Why I Oppose Chicago 2016

But based on the existing evidence I think a little skepticism is warranted: if there are cost overruns, or if no developer steps forward with $1 billion to pour into a speculative housing deal in the middle of the greatest housing crash since the Great Depression, then guess what, Chicago? You’ll be covering the balance. Money that could go to schools, parks, police, and firefighters will be diverted to the Olympic effort—including the $10.5 million the bid says will spent coming up with a mascot. Plus, Daley is expecting residents to give up something at least as precious as public money: public space. Only he’s not being up front about it—he’s pretending that we don’t have to be inconvenienced at all.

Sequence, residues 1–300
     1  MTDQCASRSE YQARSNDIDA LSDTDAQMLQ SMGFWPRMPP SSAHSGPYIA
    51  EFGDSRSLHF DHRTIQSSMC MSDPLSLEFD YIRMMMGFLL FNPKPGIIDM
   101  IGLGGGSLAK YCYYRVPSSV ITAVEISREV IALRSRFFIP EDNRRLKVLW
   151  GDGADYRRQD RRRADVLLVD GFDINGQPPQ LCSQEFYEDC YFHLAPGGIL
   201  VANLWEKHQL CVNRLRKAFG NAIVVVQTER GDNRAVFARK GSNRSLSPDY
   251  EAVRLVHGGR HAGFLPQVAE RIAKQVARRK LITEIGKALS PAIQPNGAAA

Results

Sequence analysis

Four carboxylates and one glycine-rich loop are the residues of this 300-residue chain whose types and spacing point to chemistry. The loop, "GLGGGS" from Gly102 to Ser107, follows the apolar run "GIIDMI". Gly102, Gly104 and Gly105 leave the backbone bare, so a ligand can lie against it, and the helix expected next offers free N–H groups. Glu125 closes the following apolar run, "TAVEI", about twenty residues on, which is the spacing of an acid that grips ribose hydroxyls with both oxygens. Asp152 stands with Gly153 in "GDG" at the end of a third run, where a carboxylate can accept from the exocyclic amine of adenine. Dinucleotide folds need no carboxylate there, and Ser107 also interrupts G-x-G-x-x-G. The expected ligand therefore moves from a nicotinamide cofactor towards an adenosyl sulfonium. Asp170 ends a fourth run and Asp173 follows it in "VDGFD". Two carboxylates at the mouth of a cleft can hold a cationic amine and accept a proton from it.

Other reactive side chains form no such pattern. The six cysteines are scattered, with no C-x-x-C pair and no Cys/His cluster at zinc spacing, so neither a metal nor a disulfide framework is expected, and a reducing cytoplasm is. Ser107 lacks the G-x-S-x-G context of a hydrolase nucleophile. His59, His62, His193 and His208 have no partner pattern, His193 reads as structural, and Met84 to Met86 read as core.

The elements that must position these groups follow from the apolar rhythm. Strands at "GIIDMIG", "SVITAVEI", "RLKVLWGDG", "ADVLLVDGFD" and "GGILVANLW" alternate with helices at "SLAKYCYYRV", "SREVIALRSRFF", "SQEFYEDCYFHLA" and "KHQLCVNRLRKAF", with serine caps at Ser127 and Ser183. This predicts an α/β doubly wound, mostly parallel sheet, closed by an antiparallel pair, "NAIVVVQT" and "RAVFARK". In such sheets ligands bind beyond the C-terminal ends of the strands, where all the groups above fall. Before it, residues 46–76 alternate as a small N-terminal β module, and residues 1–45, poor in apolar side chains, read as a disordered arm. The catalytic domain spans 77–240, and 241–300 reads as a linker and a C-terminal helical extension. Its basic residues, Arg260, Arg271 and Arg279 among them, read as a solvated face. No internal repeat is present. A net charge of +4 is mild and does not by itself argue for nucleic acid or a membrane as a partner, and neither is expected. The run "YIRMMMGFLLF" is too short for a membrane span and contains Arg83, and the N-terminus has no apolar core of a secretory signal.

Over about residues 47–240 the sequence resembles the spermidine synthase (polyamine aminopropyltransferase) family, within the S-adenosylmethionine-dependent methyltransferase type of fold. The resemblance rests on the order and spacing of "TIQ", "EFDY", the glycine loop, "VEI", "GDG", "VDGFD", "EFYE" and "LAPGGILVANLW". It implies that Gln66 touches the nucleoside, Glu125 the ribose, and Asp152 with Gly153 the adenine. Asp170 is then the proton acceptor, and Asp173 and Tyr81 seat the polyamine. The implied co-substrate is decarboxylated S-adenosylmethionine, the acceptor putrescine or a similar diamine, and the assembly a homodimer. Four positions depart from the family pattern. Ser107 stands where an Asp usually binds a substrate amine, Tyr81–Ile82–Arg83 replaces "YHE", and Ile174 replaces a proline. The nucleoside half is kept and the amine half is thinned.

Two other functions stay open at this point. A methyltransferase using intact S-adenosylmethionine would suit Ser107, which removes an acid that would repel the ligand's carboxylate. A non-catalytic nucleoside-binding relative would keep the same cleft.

-Ben Joravsky, The $10.5 Million Mascot, Chicago Reader

The arguments for stating the 2016 Olympics in Chicago are similar to when a big-league team begs for money for their new stadium. “Net gain!” they say. “It’ll create jobs. Bring in tourists.”

Well, profit doesn’t always materialize, even in good times, much less an economic meltdown. And Chicago hasn’t shown itself to be capable of managing costs or timelines for big projects.

The Olympics sound exciting, but I’d rather spend the money on our schools, streets, parks, public transit and other projects that will benefit residents more than Mayor Daley’s ego.